T Nation

Lowery Online Tonight 5-31-05

Hi All,
It’s a bit early but after lurking a bit I figured I’d open up a thread for questions. Ask 'em if you got 'em!

Dear Dr

I wanted to thank you for answering my question regarding diets for skinny fat people.

Now, I was wondering what is the best way to asses carb tolerance.

I read in one of Dr JBs articles (original Massive Eating, part 2) about measuring insulin sensitivity.

I was wondering, can this help me measure carb tolerance? I do have at home an Accucheck glucose monitor… one that you use a prick to draw out blood and it gives the reading. Can that be useful? If so, then to measure insulin sensitivity, should I follow Dr. JBs way and values n ME or do you have a better solution?

Finally, if indeed carbs are the culprit, what do you think of trying to follow the anabolic diet as a skinny fat person? Perhaps by tweaking fat ratios at 33% mono/poly/sat.?

Thank you again for your time.

In taking fish oil supp, do you recommend any brands in particular? What of the cautions that some kinds may have high levels of toxicities (mercury for example). I’ve been thinking of getting a blood lipid profile as I’ve been using one particular brand (Vitamin World) for a couple of months and have no way of knowing what else may be in it.

Thank you for your reply in advance, and my apologies if this has been addressed in the past.

Thanks for the (re-)post. Although the American Diabetes Association prefers simple fasting blood glucose mnitoring (preferably over a few days before breakfast, as it can vary quite a bit), some medical authorities prefer the oral glucose tolerance test (OGTT) and I have used it a fair amount in research because of the additional information it provides.

more coming…

As I’m just a PhD type and not a physician here are some general, but I think informative facts for you…

Preferably, a peak glucose reading after say, 50g or 75g carbs from white bread or a fixed amount of sugary drink would occur at 30-60 minutes and return to baseline or a little below by two hours (when sampling in duplicate at 0,30,60,90,120 minutes).

Most individuals start about 70-90mg/dl (diagnostically diabetics start over 126mg/dl) and a normal PEAK is about 140mg/dl. I have seen otherwise normal guys peak around 160mg/dl on some days, however. Having a two-hour reading that is over 200mg/dl is also an indication of possible glucose intolerance/ diabetes.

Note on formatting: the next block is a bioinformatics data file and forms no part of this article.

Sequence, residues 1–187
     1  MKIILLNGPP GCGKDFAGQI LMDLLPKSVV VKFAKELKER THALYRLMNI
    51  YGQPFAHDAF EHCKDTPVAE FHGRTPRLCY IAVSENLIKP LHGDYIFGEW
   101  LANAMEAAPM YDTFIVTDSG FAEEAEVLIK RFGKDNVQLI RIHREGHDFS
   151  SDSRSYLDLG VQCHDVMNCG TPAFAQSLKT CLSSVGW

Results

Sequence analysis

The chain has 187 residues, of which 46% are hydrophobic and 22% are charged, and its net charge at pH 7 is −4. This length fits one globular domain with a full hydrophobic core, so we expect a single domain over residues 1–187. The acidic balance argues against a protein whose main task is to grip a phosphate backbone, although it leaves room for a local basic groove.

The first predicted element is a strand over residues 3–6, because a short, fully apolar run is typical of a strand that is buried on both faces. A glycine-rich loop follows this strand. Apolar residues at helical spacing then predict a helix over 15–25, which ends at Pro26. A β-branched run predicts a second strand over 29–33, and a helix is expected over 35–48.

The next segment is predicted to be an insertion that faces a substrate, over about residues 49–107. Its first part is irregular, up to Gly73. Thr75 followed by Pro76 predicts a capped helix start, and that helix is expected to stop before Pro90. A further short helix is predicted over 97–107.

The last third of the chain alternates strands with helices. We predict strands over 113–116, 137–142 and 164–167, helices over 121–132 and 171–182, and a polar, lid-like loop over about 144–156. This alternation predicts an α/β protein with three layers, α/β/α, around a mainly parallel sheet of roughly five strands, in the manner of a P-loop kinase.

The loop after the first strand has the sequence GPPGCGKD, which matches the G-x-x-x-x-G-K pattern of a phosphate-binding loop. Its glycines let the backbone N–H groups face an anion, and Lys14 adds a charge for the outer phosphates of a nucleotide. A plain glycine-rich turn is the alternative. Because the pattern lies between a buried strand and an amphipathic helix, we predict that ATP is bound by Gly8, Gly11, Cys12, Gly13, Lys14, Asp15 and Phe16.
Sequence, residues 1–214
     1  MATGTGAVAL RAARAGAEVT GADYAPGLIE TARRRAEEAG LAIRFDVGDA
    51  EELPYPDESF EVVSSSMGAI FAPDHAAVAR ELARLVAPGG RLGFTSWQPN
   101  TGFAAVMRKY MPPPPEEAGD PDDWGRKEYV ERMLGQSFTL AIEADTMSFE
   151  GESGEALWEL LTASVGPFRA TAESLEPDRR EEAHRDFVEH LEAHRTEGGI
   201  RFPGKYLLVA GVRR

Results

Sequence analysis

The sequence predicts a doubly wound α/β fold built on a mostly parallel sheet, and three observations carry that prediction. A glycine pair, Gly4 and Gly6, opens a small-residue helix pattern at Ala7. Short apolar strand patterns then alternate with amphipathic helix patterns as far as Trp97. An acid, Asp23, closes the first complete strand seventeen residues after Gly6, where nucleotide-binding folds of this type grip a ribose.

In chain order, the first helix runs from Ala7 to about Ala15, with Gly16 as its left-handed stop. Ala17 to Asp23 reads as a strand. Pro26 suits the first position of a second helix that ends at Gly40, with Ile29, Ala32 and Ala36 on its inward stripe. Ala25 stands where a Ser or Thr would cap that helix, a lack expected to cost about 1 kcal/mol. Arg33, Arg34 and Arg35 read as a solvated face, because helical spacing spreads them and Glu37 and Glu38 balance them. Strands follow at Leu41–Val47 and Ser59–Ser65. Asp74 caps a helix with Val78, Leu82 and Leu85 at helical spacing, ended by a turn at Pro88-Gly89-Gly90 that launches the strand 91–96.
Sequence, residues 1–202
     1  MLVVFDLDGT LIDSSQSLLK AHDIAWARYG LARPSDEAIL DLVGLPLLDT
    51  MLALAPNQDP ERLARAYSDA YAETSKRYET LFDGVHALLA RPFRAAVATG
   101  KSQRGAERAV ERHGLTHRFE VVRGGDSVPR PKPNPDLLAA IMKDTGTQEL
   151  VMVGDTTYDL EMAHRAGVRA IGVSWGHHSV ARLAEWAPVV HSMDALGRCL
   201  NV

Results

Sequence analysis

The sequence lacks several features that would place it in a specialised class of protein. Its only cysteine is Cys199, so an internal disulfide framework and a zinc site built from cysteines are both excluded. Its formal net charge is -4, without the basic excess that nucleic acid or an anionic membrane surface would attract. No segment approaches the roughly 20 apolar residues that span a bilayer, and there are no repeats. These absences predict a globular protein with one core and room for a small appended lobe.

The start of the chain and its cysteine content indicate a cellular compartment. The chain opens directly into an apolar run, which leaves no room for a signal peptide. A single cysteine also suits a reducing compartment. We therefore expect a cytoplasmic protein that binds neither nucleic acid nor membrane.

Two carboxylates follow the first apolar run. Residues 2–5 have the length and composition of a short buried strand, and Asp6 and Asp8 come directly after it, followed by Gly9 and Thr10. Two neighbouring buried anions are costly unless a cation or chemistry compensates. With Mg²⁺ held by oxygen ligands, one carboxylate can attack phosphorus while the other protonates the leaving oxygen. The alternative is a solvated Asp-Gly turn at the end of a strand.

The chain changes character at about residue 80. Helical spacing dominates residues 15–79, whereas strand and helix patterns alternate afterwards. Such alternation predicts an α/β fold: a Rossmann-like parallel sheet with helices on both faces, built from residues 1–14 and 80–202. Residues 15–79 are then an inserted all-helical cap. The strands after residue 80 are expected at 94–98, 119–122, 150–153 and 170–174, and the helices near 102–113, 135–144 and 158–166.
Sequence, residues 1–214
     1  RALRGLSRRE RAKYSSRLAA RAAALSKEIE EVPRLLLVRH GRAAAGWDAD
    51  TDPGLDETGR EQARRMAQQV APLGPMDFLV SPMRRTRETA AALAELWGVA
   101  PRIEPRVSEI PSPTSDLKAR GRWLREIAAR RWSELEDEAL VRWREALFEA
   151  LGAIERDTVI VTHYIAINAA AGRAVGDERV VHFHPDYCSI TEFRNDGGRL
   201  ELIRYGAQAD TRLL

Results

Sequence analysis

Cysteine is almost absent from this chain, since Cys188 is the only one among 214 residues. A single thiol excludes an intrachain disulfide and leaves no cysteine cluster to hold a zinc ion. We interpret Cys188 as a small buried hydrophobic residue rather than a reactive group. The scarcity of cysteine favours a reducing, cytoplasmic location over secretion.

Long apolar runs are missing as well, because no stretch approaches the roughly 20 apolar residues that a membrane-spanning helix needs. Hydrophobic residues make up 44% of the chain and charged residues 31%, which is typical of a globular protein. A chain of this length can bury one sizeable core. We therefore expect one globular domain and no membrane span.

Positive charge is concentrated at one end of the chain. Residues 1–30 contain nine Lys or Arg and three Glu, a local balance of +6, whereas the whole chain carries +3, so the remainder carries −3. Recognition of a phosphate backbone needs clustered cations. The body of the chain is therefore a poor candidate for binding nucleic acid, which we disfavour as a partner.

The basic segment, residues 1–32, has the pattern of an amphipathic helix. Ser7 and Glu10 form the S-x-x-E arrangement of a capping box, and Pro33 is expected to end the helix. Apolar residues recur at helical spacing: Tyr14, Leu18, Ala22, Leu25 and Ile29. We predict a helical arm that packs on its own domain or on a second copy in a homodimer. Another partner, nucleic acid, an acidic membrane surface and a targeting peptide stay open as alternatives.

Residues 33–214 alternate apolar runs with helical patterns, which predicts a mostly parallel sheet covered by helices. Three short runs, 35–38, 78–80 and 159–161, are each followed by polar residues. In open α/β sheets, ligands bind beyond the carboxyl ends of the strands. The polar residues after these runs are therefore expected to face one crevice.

You should note, though, that this test may be too variable and subject to confounders like hormonal state, medications (supplements?), recent dietary habits, and illness to be anything more than a screening test - particularly when done without the supervision/ interpretation of a physician.

One last post for fragfeaster…

Interpretation of an OGTT gets tough because, unless you also know your insulin levels (nigh-impossible without a physician’s help) blood glucose readings can be misleadnig. That is, I’ve seen young people with normal glucose readings but enormous insulin concentrations to maintain this “normal looking” glucose status.

I know this seems confusing, but you asked! What we’re separating here is the difference between literal glucose intolerance (high blood sugars) and “insulin resistance”. Often over-fat people require tons of insulin to keep their blood sugar in the normal range but this subsequently adds to their fatness in a vicious circle (i.e. “Syndrome X”).

BTW, as I recall, risk factors for diabetes (fasting >126mg/dl) or glucose intolerance (fasting >110mg/dl) include obesity, hypertriglyceridemia, close relatives with diabetes, high blood pressure, or previous evidence of impaired glucose tolerance. These (e.g. family history) can be used with or without finger prick data to help inform a person as to whether a low-carb diet might be better than a low-cal but moderate carb diet.

Note: fasted sampling, whether for glucose or triglycerides is usually best when one also has 2-3 hour post-meal data with which he can
compare. (Again, ask you doctor.)

Sorry for the soapbox; hope this info. helps.

Do you have any ideas on the claim that oils such as olive oil are some how degraded or not as “good” when they have been heated, such as when it is used to cook a chicken breast in a pan or something similar?

Fat-free Kraft Ranch Dressing? Safe as a salad dressing when the old oil and vinegar combo starts getting stale for someone trying to minimize bodyfat?

2tbsp - 48cal - 0g FAT - 11g CARB (2g Sugar) - 0g Protein

I currently use Sam’s Club because its inexpensive and Consumer Reports (July 2003, as I recall) suggested to buy based on cost. I recommend a trip to a local library to read that issue (free). I personally have seen a fair amount of info. that heavy metal (e.g. mercury) contamination beyond government limits is NOT a problem. One might disagree with government standards, of course. And one can never be sure that all brands forever more will be contaminant free.

I personally think that the biggest drawback with wholesale club stuff is that it’s just “low-dose”, as in just a meager 30% concentration of active ingredient. We end up buying a capsule that’s 70% other stuff than EPA and DHA. So read up on the topic, okay? And yep, we’ve touched on this before. Check out the reader posts following the recent “Inflammatory Comments, Part I” as well as my blog post a while back called “Slippery Stuff”. Just use the search feature at the top of the screen, eh?

[quote]th_underdog wrote: